The MHS’s mission is to ensure the health of service members; ensure all medical personnel are trained and ready to support the operational force; and provide a medical benefit to service members, retirees, and their families.10 The MHS has operated in an environment of uncertainty for the past three years because of a number of changes. Medical facilities are undergoing reorganization under one common chain of command, the Defense Health Agency, rather than under each military branch. The Pentagon planned to cut nearly eighteen thousand medical billets to reshape the force, though those plans are now on hold.11 Some hospitals and clinics are either closing or are no longer serving retirees and dependents. The system by which Army doctors and nurses are deployed has changed. Finally, the electronic health record is being replaced. The EMR previously consisted of at least four legacy systems. In an effort to improve coordination and data sharing between the military and veterans’ health care systems, a commercial-off-the-shelf system called MHS Genesis is replacing those legacy systems. It is being fielded throughout the MHS in waves, starting in September 2019, with completion expected by 2024.12

The future vision of military medicine is in question. The National Defense Authorization Act for Fiscal Year 2017 called for a complete reorganization of military medicine to minimize redundancies between services offered by the Army, Air Force, and Navy health systems. To lead this change, the Defense Health Agency was created and charged with the administration of every military medical treatment facility; this transition is happening now.13 The transition may mean fewer leadership positions are available to military doctors at medical treatment facilities because these positions can be filled by civilians.

Another change for the Army Medical Corps (MC) in 2019 was that the professional filler system was replaced by the modified table of organization and equipment assigned personnel system.14 With the professional filler system, Army physicians were assigned to hospitals or clinics and would be attached to a unit for a deployment. Now, under the modified table of organization and equipment assigned personnel system, physicians and other health care personnel are organic to a unit but report to a military hospital or clinic for work every day. Their chain of command can recall them to the unit as needed for training, administrative tasks, and deployments. One potential implication of this change is it will be more difficult for doctors to receive “top-block” ratings on officer evaluation reports since they must balance their duty requirements with their unit as well as with the hospital.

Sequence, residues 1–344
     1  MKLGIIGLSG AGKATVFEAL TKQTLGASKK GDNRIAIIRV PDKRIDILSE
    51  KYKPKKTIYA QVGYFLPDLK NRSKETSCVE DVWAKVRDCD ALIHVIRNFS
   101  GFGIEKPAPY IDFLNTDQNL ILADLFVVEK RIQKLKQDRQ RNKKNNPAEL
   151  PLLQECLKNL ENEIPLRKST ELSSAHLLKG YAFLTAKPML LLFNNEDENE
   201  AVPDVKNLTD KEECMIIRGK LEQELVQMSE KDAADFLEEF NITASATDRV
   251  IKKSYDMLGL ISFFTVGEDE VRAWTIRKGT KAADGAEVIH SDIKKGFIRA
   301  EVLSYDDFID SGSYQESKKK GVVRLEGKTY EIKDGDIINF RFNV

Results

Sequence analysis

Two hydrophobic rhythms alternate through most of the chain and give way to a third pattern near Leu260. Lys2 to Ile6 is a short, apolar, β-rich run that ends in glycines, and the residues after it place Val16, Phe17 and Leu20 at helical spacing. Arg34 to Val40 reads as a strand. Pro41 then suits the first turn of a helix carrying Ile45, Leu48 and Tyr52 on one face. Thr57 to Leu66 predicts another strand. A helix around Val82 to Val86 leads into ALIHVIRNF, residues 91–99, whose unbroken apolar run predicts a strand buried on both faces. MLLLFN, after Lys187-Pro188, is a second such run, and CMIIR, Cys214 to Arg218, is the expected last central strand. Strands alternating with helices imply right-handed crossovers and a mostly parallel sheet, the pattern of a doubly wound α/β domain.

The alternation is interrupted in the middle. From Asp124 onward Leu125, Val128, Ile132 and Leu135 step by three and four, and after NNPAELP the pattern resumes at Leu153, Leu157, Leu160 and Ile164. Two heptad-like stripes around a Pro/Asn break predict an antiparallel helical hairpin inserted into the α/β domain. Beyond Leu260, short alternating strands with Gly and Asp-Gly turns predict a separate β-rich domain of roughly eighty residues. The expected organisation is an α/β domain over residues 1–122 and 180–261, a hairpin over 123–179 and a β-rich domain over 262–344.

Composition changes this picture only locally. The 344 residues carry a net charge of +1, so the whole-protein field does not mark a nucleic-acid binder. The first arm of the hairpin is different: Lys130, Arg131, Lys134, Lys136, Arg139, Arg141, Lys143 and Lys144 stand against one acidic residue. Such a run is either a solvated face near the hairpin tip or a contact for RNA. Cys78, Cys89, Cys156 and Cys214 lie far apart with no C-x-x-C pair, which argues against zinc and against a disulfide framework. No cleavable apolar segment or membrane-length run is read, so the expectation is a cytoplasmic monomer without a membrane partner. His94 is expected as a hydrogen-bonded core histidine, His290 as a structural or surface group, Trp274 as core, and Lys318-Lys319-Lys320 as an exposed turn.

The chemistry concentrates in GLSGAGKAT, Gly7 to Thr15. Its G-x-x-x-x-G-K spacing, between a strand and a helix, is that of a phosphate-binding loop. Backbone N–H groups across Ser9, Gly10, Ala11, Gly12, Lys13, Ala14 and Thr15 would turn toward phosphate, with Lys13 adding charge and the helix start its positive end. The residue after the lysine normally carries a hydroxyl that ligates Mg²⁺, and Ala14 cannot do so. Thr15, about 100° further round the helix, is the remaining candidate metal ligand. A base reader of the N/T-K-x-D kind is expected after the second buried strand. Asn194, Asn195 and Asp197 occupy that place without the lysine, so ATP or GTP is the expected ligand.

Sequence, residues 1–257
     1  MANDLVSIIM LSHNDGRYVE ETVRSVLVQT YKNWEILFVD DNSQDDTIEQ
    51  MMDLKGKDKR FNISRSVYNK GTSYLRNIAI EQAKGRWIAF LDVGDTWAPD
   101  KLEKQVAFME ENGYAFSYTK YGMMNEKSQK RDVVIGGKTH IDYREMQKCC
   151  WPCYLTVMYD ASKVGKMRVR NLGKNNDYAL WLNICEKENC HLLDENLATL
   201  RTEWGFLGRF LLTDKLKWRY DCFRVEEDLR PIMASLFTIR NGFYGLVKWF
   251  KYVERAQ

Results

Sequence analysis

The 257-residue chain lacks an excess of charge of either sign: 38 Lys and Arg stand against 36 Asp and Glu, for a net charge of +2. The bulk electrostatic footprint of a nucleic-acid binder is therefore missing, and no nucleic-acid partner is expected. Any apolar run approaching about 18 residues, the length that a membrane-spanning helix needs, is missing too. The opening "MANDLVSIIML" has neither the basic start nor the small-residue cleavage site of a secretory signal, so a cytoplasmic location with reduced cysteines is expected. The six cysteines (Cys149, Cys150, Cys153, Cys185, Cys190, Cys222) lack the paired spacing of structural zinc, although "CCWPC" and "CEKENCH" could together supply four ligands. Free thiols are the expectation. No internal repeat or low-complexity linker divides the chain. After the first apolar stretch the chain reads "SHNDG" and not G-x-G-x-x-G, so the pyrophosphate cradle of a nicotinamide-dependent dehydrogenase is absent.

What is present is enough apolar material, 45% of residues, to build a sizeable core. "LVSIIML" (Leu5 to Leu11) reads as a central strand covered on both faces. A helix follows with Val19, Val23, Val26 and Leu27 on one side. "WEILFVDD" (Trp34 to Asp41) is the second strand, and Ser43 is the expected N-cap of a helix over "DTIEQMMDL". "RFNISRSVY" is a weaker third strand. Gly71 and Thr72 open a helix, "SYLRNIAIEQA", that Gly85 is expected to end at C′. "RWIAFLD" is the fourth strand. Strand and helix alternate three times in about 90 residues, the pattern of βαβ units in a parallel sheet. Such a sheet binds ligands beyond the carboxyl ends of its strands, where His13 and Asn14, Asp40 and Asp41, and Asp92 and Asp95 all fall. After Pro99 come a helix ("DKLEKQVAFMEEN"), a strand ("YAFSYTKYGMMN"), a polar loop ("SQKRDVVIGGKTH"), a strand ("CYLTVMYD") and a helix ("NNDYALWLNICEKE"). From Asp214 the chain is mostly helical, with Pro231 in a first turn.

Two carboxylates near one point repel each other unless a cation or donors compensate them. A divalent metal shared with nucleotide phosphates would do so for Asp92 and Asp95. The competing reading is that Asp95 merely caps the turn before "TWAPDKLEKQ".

Identifying the Leadership Gap in the Army Medical Corps

Amidst all of the changes listed above, physicians continue to provide excellent patient care throughout the DOD. Within the next few years, the effects these changes will have on the military will be visible. The medical corps must be involved at every level to ensure that the changes do not negatively impact patients. The MC must also advocate for physicians and all personnel at the bedside who are critical to the health care team. Herein lies a gap in the MC; more doctors must be formally trained in leadership to help the MHS navigate uncertain waters, including this pandemic, and the threat of large-scale ground combat operations.

The military excels at leadership. Leadership is developed through on-the-job training and mentorship. Many officers will pursue graduate degree programs, often in subjects that emphasize leadership, such as a master’s in business administration (MBA) or a master’s in leadership. In fact, the Army has broadening opportunity programs, the intent of which is “to develop an officer’s capability to see, work, learn, and contribute outside each one’s own perspective or individual level of understanding for the betterment of both the individual officer and the institution. The result of broadening is a continuum of leadership capability at direct, operational, and strategic levels.”15